I also agree with the concern about "pre-packaged" experiments.

      I lot of this seems to boil down to: is the goal to give the student an education or use them as a "slave".

  2. Based on my experience with research as an undergraduate, and now supervising undergrads as a PhD student, I want to add a few points.

    I think it's important for undergraduates to be able to make a minimum useful contribution in a short amount of time, after which the project can be expanded depending on the interests and motivation of the student. The deeper you go in research, the less frequent and more hard fought are the real breakthroughs in understanding. We get used to that, but in undergraduate classes, problems rarely take more than a couple of days to solve. I think it is easy for undergrads to become discouraged if projects are too ambitious or ill-defined at the outset. Having something they can accomplish right away not only helps with motivation, but it also gives them something to build on conceptually. It's very hard, as an undergraduate, to grasp the full context of a project without first getting your hands dirty, I think.

    I will give some examples:

    In chemistry labs, it is common to teach undergraduate students to complete the first couple of steps in a reaction sequence. This is very well defined, and important to the research. In doing so they will have faced a few synthetic challenges (although usually the chemical recipes are very well known), and gained some technical skills. Later steps in the sequence will rely on clean materials, so the undergrad must be able to defend the quality of their work with various analysis. Most importantly though, having their foot in the door allows the supervisor to explore the themes of the research with them: "Here's how we use your material in later stages of synthesis / Here's why we asked you to put this functional group / Do you think it would be possible to make your product with a different functional group? / What are we ultimately trying to achieve?" The answers to these questions in discussion with the members of the group can help to shape their project.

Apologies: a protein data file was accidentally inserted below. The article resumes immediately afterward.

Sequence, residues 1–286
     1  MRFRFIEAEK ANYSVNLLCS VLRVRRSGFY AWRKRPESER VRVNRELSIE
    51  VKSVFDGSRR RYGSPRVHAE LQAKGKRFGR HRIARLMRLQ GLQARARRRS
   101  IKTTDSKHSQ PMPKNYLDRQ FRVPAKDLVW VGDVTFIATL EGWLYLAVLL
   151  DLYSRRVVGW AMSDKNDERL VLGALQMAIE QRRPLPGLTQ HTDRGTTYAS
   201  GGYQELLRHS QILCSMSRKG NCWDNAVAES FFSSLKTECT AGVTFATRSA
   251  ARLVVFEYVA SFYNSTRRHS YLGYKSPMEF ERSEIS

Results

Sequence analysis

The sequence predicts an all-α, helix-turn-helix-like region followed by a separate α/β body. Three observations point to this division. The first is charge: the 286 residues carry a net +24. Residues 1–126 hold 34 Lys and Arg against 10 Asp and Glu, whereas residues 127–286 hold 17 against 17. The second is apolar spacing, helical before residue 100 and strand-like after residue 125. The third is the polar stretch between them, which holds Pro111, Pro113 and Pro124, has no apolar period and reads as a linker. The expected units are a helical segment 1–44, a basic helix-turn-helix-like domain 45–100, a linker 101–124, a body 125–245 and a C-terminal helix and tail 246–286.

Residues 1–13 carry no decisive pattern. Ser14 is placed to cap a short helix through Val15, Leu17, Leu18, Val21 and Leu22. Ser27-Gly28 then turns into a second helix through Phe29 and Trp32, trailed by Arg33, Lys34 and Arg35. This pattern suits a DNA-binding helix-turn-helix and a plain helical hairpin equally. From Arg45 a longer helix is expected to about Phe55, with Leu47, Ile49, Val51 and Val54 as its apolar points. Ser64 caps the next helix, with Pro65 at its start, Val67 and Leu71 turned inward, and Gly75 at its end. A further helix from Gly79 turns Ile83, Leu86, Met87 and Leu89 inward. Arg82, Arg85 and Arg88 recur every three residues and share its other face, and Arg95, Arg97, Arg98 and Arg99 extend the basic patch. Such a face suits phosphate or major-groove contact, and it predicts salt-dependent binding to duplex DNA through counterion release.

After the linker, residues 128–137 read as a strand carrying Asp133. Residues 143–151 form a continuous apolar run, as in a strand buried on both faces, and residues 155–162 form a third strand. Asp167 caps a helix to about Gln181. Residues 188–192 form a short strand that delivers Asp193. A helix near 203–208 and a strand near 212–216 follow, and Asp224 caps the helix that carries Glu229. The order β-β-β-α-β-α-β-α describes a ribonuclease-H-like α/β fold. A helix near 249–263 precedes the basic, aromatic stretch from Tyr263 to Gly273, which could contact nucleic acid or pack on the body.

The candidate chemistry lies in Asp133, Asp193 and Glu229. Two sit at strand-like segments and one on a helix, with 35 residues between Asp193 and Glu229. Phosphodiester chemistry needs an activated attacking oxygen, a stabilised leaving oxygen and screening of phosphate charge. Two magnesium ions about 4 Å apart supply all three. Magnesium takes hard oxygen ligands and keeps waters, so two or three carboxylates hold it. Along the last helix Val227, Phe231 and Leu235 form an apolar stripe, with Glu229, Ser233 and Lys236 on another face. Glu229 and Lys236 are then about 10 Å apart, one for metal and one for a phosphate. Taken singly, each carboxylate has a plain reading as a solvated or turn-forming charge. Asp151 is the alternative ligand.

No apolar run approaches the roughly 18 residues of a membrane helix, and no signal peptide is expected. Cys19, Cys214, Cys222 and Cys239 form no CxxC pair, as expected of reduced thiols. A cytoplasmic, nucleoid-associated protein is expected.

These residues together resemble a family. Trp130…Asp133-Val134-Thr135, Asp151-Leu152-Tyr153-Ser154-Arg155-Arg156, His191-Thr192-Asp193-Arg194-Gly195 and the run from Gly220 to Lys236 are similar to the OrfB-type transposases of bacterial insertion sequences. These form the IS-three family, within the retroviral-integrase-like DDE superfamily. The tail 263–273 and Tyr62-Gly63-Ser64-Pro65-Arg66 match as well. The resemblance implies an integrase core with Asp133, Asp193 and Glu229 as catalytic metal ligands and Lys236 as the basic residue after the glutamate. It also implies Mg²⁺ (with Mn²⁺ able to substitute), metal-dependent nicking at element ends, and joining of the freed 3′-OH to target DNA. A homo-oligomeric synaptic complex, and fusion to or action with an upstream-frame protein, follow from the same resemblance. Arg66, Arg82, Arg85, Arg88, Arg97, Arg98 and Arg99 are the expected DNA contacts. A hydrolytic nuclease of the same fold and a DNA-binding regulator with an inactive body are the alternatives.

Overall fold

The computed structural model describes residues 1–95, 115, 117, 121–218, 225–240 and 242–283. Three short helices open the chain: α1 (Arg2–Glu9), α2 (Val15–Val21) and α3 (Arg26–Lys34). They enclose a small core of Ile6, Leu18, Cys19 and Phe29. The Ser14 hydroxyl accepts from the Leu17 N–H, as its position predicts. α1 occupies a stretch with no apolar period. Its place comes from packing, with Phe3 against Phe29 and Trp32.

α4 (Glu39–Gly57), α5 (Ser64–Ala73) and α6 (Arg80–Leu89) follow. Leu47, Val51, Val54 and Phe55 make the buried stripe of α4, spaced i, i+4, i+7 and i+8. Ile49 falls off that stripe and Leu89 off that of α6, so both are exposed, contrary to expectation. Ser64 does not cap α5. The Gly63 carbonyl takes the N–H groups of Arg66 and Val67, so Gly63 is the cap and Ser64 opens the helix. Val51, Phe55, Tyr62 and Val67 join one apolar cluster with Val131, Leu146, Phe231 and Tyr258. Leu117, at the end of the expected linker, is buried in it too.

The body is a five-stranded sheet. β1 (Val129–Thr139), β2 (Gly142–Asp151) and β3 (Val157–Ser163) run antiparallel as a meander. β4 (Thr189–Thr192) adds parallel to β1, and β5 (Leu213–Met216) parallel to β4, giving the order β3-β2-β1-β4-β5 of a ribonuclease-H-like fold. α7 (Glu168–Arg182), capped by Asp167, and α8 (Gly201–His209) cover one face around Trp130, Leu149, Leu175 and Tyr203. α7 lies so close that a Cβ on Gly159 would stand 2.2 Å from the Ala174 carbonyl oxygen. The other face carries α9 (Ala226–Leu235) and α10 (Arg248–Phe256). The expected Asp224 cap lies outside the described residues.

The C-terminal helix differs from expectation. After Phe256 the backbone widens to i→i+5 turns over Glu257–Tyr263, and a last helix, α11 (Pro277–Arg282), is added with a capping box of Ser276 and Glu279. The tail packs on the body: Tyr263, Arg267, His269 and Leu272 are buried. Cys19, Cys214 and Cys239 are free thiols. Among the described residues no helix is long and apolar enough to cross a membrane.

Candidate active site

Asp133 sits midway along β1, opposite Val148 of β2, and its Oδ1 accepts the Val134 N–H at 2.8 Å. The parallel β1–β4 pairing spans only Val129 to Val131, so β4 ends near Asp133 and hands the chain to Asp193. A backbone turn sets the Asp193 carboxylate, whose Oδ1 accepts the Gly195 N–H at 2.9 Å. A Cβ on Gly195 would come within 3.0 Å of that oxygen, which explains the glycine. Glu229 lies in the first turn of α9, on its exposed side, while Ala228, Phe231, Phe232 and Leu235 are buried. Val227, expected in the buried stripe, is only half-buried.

I also agree with Ben that, in some cases, running prepackaged code can be a good starting point for undergrads, as long as it is approached in the right way. There are some technical challenges - deciding on the right method, getting good convergence, etc. - and the student learns a useful skill. Once the student has seen the results of a series of calculations, they can begin to develop an intuition, and themes can be explored with the supervisor, "What did you find is the effect of changing certain parameters? / What is this calculation actually doing? / Is it a good method for the problem? / Does it match with experiment or general understanding in the field? / What new insight do the results give us? / How can we improve it?"

    I read somewhere (maybe this blog) that one of the most important factors in motivation of students at any level is that they feel the project is THEIRS. In this sense, I think the ideal project for an undergraduate 1. gives them sole responsibility for a small and manageable chunk of a larger project, 2. immediately teaches them a useful skill, and 3. allows them to help shape the future directions based on skill/interest/motivation.

    1. Hi Steve,

      Thanks for detailed comment. It is great to hear an experimental chemistry perspective.

      I like all your observations. The one about ownership was not on this blog, but is a very important one I had not thought of.